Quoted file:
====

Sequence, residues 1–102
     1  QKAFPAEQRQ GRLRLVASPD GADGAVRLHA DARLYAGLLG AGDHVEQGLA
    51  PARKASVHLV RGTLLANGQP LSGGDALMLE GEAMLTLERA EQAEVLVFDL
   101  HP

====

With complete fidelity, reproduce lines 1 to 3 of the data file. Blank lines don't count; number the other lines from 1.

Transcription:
Sequence, residues 1–102
     1  QKAFPAEQRQ GRLRLVASPD GADGAVRLHA DARLYAGLLG AGDHVEQGLA
    51  PARKASVHLV RGTLLANGQP LSGGDALMLE GEAMLTLERA EQAEVLVFDL